This is Private Ernie Williams of the Cheshire Regiment: “A ball appeared from somewhere, I don’t know where, but it came from their side … They made up some goals and one fellow went in goal and then it was just a general kickabout. I should think there were a couple of hundred taking part. I had a go at the ball. I was pretty good then, at 19, everybody seemed to be enjoying themselves. There was no sort of ill-will between us … There was no referee, no score, no tally at all.”
In another area a soldier recorded: “A German looked over the trench – no shots – our men did the same, and then a few of our men went out and brought the dead in (69) and buried them and the next thing happened a football kicked out of our trenches and Germans and English played football. Night came and still no shots.”
“It was a peculiar mixture of dreamlike exhilaration and celebration. “In the afternoon, I went out and had a chat with ‘our friends the enemy’, ” wrote Sergeant Bernard Brookes of the Queen’s Westminster Rifles in the Frelinghien-Houplines sector.
“Even as I write (dusk),” wrote Sergeant Bob Lobell, “I can scarcely credit what I have seen and done. It has been a wonderful day.”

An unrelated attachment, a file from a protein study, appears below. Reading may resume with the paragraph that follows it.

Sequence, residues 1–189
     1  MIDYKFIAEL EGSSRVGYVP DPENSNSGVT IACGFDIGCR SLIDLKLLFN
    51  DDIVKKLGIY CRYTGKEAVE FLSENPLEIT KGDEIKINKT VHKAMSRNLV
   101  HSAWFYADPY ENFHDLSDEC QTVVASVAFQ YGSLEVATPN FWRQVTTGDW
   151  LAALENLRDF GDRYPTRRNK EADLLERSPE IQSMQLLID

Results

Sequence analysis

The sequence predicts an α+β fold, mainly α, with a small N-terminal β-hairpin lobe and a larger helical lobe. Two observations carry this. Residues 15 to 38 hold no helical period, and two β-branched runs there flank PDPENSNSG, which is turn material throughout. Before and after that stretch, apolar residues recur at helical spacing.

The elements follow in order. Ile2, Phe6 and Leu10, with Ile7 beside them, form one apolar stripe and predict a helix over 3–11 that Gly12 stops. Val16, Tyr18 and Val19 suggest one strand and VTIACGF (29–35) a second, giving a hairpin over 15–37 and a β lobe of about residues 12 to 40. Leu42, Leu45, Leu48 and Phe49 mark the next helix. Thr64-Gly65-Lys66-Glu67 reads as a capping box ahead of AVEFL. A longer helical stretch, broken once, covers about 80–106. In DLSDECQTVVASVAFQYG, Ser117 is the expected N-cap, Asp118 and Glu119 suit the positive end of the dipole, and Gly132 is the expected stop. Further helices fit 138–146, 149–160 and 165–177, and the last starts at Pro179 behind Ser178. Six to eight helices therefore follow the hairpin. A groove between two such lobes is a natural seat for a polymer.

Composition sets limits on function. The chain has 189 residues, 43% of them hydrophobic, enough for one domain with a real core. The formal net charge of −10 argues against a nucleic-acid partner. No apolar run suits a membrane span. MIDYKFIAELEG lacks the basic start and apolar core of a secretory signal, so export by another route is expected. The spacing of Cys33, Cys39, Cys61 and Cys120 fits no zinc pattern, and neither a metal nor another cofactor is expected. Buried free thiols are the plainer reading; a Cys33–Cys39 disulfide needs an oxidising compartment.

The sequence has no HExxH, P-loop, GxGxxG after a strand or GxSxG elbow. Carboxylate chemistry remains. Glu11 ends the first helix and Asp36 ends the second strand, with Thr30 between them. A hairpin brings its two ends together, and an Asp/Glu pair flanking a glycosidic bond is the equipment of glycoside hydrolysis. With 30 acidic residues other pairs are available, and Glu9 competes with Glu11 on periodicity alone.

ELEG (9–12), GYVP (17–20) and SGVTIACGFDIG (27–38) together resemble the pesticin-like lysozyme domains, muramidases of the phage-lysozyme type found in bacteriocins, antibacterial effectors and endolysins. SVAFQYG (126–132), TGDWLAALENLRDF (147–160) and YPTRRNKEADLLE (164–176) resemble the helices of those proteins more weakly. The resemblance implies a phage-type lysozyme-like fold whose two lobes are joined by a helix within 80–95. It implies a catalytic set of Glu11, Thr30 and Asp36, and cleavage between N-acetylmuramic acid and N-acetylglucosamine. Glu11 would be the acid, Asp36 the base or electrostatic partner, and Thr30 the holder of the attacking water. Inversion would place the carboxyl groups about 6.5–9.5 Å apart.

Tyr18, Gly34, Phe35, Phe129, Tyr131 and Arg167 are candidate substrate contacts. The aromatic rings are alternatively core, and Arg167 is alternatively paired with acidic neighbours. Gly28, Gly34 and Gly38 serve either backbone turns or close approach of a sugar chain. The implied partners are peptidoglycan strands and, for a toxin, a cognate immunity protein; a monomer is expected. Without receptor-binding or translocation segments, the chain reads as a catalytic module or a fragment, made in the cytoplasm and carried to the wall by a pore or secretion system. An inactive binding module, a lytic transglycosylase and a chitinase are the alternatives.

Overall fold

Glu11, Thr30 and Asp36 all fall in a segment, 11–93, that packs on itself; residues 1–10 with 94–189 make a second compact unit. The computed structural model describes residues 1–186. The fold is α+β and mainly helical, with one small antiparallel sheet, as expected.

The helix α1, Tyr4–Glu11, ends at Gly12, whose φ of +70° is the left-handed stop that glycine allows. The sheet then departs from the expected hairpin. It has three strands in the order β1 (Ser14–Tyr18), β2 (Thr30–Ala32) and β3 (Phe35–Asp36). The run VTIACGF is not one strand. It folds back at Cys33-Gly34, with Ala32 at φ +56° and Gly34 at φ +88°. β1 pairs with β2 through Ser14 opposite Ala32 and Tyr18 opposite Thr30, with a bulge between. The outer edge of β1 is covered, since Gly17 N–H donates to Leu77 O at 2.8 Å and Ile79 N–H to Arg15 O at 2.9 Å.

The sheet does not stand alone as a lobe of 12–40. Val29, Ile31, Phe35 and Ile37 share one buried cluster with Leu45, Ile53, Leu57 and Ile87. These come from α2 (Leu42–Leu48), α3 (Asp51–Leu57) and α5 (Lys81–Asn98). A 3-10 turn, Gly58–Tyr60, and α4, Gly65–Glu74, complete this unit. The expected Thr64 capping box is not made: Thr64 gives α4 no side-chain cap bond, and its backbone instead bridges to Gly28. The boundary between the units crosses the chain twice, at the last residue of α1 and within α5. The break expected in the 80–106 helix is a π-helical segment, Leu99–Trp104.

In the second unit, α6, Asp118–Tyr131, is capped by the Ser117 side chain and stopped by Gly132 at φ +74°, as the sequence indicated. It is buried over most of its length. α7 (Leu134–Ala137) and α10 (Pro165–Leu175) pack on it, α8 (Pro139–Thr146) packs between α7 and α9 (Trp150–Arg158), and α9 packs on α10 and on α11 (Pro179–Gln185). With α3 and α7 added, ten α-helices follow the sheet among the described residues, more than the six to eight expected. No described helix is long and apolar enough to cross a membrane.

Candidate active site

One soldier summed it up in a letter home: “So there you are; all this talk of hate, all this firing at each other that has raged since the beginning of the war quelled and stayed by the magic of Christmas. Indeed one German said ‘But you are of the same religion as us and today is the day of peace!’ It is really a great triumph for the church. It is a great hope for future peace when two great nations hating each other as foes have seldom hated, one side vowing eternal hate and vengeance and setting their venom to music, should on Christmas day and for all that the word implies, lay down their arms, exchange smokes and wish each other happiness.” – http://www.christmastruce.co.uk/article.html
And in despair I bowed my head;
“There is no peace on earth,” I said;
“For hate is strong,
And mocks the song
Of peace on earth, good-will to men!”
Then pealed the bells more loud and deep:
“God is not dead, nor doth He sleep;
The Wrong shall fail,
The Right prevail,
With peace on earth, good-will to men.” – Henry Wadsworth Longfellow